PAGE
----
An Environmental Standard for typical good IAQ indicators (e.g., CO, CO2, VOC) is a limit that signals to environmental health and safety professionals when further investigation into air movement and ventilation may be necessary.

    These standards are not points at which your health and safety may be compromised, but indicate that some change in controls may be beneficial (examples of control changes may include ventilation or education). These control changes can ensure the indoor air quality is at optimal levels for comfort and can prevent levels that may cause concern for occupant health.

    An Occupational Exposure Limit (OEL) is a standard defined under the Manitoba Workplace Safety and Health Act and regulations as the maximum of a chemical or physical hazard a worker may be exposed to for eight hours a day, five days a week.

    Ex. CO2 workplace standards


    Standard Limit


    Environmental Standard

    Outdoor Air (ppm) + 700 ppm

    American Society of Heating, Refrigerating and Air-Conditioning Engineers (ASHRAE) Ventilation for Acceptable Indoor Air Quality [ANSI/ASHRAE Standard 62. 1-2019]

    Occupational Exposure Standard

    5000 ppm

    ACGIH 2019 Threshold Limit Values for Chemical Substances and Physical Agents and Biological Exposure Indices as designated in Part 36 of The Workplace Safety and Health Regulations:

    If you have questions about the Indoor Air Quality report, please contact For any concerns regarding environment, health and safety at UM, contact the Environmental Health and Safety Office at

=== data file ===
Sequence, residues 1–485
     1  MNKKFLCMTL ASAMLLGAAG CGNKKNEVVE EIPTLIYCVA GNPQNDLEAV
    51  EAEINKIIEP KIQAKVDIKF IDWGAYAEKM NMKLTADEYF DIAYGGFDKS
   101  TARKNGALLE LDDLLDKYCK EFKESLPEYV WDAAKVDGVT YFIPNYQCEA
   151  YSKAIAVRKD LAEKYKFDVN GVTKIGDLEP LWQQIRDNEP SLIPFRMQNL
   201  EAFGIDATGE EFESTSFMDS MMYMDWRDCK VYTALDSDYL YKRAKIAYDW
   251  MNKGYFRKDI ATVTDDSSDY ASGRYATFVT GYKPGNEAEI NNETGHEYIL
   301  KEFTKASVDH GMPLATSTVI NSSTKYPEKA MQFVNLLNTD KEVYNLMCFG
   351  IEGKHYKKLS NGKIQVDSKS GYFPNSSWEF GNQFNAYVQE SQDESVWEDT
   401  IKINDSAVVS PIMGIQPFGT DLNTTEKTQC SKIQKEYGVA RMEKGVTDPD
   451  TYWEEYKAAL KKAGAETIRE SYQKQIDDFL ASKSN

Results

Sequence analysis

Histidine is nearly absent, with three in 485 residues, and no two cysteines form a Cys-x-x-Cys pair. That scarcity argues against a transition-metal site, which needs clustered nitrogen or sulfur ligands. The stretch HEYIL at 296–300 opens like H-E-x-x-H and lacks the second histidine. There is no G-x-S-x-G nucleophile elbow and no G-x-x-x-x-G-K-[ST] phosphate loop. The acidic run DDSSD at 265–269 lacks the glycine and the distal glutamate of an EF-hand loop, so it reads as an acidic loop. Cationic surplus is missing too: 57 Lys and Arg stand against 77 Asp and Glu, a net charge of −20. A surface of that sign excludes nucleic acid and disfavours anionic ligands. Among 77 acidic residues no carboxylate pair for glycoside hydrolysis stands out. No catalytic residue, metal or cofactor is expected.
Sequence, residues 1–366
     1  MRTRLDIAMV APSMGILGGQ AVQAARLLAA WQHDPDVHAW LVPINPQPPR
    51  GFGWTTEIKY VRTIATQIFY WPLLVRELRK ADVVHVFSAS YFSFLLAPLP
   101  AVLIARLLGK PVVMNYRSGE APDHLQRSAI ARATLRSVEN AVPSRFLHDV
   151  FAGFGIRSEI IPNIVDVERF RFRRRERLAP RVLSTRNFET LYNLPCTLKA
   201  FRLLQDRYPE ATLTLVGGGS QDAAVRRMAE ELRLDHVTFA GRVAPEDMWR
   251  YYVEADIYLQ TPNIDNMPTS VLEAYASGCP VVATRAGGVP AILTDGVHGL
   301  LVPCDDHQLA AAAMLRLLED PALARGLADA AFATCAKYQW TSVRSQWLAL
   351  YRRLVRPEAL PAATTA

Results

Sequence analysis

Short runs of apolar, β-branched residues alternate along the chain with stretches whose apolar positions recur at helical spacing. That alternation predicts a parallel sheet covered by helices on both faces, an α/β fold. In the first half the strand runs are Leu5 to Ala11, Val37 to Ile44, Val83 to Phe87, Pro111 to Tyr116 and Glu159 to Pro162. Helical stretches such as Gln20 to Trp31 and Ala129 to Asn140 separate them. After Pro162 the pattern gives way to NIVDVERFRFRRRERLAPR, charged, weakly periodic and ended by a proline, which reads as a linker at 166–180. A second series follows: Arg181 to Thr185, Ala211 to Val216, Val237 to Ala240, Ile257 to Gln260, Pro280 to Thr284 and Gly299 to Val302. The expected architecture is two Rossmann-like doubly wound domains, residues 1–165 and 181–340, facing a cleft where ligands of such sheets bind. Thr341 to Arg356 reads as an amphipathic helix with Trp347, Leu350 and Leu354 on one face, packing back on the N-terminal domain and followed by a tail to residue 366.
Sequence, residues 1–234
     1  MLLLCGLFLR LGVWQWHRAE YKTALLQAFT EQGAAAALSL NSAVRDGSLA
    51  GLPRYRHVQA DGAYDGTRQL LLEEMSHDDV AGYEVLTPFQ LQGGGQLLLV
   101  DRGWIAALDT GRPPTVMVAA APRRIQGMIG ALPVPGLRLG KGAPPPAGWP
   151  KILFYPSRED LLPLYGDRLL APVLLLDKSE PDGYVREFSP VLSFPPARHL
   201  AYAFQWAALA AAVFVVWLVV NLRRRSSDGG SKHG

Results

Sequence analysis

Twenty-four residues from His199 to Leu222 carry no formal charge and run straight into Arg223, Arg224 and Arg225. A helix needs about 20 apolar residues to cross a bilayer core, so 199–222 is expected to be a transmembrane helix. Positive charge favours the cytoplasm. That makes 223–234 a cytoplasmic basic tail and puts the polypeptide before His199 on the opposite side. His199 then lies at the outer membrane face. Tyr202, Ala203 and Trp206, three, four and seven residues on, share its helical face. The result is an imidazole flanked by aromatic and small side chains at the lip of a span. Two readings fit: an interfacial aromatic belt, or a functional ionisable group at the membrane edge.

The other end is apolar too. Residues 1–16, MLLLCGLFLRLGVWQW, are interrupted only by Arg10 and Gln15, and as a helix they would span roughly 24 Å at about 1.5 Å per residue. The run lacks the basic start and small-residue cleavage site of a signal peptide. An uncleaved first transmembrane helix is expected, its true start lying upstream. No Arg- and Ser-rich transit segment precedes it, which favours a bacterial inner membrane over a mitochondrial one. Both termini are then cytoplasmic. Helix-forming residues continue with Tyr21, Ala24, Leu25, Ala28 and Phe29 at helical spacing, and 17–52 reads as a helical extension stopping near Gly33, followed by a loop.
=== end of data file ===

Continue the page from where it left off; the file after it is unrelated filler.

Safety measures Enhanced cleaning and hygiene

    Hand hygiene

    For information about COVID-19 and how it spreads, visit the Province of Manitoba website

    Hand washing: Handwashing posters have been placed by sinks in most bathrooms on campus. All UM members should review proper handwashing technique:

    • Wash your hands with soap and water for at least 20 seconds including palms, backs of each hand, between fingers, thumbs and under nails. Rinse and dry hands well. 
    • If soap and water are not available, use an alcohol-based hand sanitizer. 

    Hands should be washed in the following situations:

    • Upon arrival in the workplace
    • After work in close contact with another employee (less than 2 metres)
    • If hands are soiled/dirty
    • After using the bathroom
    • At the end of the day
    • Upon arrival at home

    Hand sanitizer stations are available at the entrance of all campus buildings. 

    Cough etiquette

    When coughing or sneezing:

    • cough or sneeze into a tissue or the bend of your arm, not your hand
    • dispose of any tissues you have used as soon as possible in a waste basket and wash your hands afterwards

    Preparation and prevention

    UM’s guiding principles for COVID-19 health and safety

    During the pandemic, the COVID Recovery Working Group has established five guiding principles to inform its work:

    • The health and safety of students, staff, faculty and visitors is the over-arching priority.
    • All students, staff and faculty will work remotely unless approval has been granted to work on campus. 
    • Any activity on campus, whatever its nature, will be carried out while strictly respecting the constraints of public health authorities and in accordance with government guidelines and directives. 
    • Recovery of on-campus activities will be gradual and in keeping with the University’s stated principles and recovery plan. 
    • The University will continue to take into consideration and accommodate special circumstances for staff, faculty and students, including health conditions.